Last updated in February 2018

Please note: Currently, not all the usual country information is available for Syria. Owing to the hostilities there, more up-to-date information is not available and economic data is subject to considerable fluctuation.

Name: Syrian Arab Republic (al-Jumhuriya al-Arabiya as-Suriya)

Climate: Mediterranean climate in coastal areas; in Damascus, Aleppo and the country’s interior, continental climate with hot, dry summers and mild to cold, sometimes wet winters; rainfall: in coastal areas 600-1,000 mm, in the steppes 400 mm, in the east and south-east as little as 100 mm

Location: Between latitude 32° and 37° N and longitude 35° and 42° E; Syria has borders with Turkey in the north, Iraq in the east, Jordan in the south and Israel in the west as well as with Lebanon and the Mediterranean

Area: 185,180 sq km

Capital: Damascus (approximately 1.7 million inhabitants; Greater Damascus: 4 million inhabitants)

Population: Approximately 22 million (as of 2011); mainly Arab Syrians, Palestinians (approximately 529,000 registered with the United Nations Relief and Works Agency for Palestine Refugees in the Near East, UNRWA) and Iraqis (including approximately 40,000 registered as refugees with the United Nations Refugee Agency, UNHCR); ethnic minorities: Kurds, Armenians, Turkmen and Circassians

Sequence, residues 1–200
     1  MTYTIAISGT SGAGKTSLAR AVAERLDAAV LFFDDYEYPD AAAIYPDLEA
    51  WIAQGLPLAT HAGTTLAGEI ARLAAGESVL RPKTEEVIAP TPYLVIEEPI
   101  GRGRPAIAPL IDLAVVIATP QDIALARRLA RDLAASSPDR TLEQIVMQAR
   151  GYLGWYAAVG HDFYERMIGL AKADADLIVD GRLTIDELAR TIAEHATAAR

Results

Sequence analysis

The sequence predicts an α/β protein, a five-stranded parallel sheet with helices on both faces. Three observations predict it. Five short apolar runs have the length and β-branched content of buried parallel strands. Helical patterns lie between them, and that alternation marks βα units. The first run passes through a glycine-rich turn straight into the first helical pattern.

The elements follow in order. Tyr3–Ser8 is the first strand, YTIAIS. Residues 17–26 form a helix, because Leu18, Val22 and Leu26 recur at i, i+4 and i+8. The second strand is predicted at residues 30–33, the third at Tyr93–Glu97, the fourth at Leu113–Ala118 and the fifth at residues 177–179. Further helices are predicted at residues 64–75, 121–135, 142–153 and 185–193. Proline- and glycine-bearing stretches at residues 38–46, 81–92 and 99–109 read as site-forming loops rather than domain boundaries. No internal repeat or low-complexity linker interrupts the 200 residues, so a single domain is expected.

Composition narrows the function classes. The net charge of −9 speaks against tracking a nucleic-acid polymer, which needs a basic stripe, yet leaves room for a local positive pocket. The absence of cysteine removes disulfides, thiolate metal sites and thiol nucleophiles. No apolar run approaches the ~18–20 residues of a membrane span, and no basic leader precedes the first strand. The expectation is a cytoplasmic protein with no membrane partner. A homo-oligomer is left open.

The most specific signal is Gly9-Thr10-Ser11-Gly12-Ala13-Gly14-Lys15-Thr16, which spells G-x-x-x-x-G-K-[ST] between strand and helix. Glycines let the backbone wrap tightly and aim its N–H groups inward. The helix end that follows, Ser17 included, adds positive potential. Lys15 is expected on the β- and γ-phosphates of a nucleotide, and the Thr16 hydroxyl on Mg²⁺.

Since March 2011, the UNHCR has registered around 5.5 million Syrian refugees in the neighbouring countries. According to United Nations figures, 13.1 million people in Syria are dependent on humanitarian aid, including some 6.1 million internally displaced persons.

National language: Arabic (widely used foreign languages: English and French)

Religions: Mostly Sunni Muslims; religious minorities: Alawite Muslims, Christians, Druze, Shiite Muslims, Ismaelites and a small number of Jews

National day: 17 April 1946 (Eid al-Jalaa, marking the withdrawal of the last French mandate troops from Syria)

Independence: 28 September 1941 (nominal)

System of government: officially a socialist, popular, democratic state; presidential system (ruled by the al-Assad family, with the security services occupying a powerful position)

Head of state: President of the Republic Bashar al-Assad (succeeded his father, Hafiz al-Assad, on 17 July 2000; last confirmed in office on 3 March 2014); term of office: seven years (no term limits)

Nominal deputy head of state: Speaker of the People’s Assembly (Parliament), Hammoud Youssef Sabbagh (since 28 September 2017)

Head of government: Imad Khamis (since 3 July 2016)

Foreign Minister: Walid al-Muallem (since 21 February 2006)

Parliament: People’s Assembly; 250 members; last elections: 13 April 2016 (elections were not held in all parts of the country and Syrians living abroad were excluded from the poll); elections held every four years

Governing party: coalition of parties forming the National Progressive Front headed by the Ba’ath Party; no opposition parties to speak of are allowed